Chip off the old block's fiery maiden speech sweeps rocket blunder under carpet

BEIJING: North Korea's new leader has delivered his first major public speech and unveiled what appeared to be a new long-range ballistic missile at a mass military parade in honour of the centenary of his grand-father's birth.

Kim Jong-un, who was officially installed as the paramount leader of the impoverished state last week after the death of his father Kim Jong-il in December, underlined the military-first policy that has put North Korea on the verge of nuclear weapons capability in three generations of Kim family rule.

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North Korean leader makes first public speech

North Korea's new leader has addressed the world for the first time Sunday, vowing to place top priority on his impoverished nation's military.

Kim Jong-un, clad in a black Mao suit, rarely looked up from his notes in a 20-minute address, in which he paid tribute to his father and grandfather, Kim Il-sung, the ''founder and the builder of our revolutionary armed forces''.

''Let's go on for our final victory,'' he said, speaking in a low yet youthful voice, pointing his finger in the air towards tens of thousands of cheering troops. He wore a wide grin as he watched the ensuing military parade, waving and saluting frequently to soldiers and supporters in the crowd.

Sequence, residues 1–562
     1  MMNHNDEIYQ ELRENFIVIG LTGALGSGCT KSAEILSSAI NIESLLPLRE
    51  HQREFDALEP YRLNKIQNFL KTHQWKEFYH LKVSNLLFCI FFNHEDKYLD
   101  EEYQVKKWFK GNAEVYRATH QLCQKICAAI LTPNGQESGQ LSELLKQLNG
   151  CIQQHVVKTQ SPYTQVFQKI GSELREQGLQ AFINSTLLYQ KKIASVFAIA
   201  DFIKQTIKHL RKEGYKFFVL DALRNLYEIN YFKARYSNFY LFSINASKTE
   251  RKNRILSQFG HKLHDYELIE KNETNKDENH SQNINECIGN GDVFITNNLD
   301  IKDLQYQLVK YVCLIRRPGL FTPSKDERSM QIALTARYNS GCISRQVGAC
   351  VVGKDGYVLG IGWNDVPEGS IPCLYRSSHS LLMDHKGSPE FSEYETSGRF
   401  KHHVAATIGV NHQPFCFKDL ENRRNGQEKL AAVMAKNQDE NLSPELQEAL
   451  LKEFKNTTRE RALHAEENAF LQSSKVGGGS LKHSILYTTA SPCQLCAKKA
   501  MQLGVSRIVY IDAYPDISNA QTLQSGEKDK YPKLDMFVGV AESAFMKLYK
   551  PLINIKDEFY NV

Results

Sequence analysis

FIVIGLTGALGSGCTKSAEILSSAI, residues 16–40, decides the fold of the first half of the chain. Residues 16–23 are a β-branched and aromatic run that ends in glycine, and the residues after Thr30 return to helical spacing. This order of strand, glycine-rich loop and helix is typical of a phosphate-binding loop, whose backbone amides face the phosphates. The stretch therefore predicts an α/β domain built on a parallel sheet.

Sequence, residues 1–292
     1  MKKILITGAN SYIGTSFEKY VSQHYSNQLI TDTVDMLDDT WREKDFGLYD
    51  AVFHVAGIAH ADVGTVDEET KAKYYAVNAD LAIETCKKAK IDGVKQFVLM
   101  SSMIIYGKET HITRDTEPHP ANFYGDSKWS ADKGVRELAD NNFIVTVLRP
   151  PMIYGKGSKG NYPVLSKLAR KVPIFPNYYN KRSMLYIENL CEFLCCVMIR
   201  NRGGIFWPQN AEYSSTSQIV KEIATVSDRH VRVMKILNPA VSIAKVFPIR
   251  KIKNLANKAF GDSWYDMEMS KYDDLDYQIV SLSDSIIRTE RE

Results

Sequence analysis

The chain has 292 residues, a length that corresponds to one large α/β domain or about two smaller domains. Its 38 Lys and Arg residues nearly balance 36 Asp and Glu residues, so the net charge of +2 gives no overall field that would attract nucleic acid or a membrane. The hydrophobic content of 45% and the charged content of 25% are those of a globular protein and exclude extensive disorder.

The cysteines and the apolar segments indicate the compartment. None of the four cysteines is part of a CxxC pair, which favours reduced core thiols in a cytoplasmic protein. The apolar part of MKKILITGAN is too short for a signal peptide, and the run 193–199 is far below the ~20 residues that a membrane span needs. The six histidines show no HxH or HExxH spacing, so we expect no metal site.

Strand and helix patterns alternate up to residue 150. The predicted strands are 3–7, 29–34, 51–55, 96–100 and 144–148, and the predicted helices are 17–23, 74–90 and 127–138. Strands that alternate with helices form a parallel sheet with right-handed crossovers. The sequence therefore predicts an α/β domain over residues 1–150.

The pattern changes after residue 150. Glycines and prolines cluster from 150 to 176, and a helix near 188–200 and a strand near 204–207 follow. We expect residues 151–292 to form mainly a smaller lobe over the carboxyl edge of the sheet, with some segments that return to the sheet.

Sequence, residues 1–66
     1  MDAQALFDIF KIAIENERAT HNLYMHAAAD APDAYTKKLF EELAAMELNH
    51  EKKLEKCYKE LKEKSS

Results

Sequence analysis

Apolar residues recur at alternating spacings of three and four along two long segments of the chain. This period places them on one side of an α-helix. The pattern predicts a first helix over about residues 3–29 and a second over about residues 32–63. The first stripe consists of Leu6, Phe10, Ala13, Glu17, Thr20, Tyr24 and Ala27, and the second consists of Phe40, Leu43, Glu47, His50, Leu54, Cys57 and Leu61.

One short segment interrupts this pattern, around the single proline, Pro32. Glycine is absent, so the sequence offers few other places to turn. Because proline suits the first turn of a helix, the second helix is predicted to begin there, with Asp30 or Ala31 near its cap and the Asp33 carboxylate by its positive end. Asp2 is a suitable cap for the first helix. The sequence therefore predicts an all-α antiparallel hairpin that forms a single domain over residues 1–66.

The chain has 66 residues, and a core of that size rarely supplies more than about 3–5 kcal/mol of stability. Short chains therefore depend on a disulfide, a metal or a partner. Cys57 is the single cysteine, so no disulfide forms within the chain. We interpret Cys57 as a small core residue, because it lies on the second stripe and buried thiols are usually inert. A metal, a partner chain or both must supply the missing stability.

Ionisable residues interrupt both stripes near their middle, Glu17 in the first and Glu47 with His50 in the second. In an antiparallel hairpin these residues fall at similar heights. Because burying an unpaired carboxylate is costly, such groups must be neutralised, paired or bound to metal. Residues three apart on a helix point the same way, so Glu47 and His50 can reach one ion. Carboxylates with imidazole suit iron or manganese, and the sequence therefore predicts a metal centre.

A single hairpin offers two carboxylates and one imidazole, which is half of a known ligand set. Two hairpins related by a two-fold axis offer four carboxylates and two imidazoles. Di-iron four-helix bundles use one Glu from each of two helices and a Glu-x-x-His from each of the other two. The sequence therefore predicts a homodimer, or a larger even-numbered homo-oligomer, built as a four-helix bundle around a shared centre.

While there were no major surprises in the content of his speech - there was no mention of the embarrassing Unha-3 rocket launch failure two days earlier - his public address, broadcast on state television, was unprecedented in itself.

With fears North Korea could ramp up its nuclear program in response to the failed rocket launch, military analysts in Japan and South Korea were sent scrambling by what appeared to be a newer, and possibly bigger, intercontinental ballistic missile unveiled in yesterday's elaborate military parade.


''It looked like more than a mock-up, and like it could be intended as an ICBM, but it is very hard to tell at this point,'' said Isaku Okabe, a private Japanese military specialist.

Sohn Young-hwan, a South Korean rocket scientist who heads the privately funded Institute of Technology and Management Analysis in Seoul, said the missile was possibly an intermediate-range ballistic missile, but not an ICBM.

Analysts have speculated for months that North Korea has been working on a rocket that is bigger and stronger than the Unha-3 that failed barely a minute after lift-off on Friday. Other analysts have pointed out the gantry used to support the failed launch was much bigger than it needed to be, suggesting Pyongyang had a bigger launch in mind.

The new missile supposedly being worked on is rumoured to have boosters that give it a range of close to 10,000 kilometres. That would theoretically allow it to reach the US - and Australia - though North Korea has fallen well short of a successful rocket launch in previous attempts.

It has used military parades to reveal missiles before. A 2010 parade debuted a road-mobile ballistic missile.

with agencies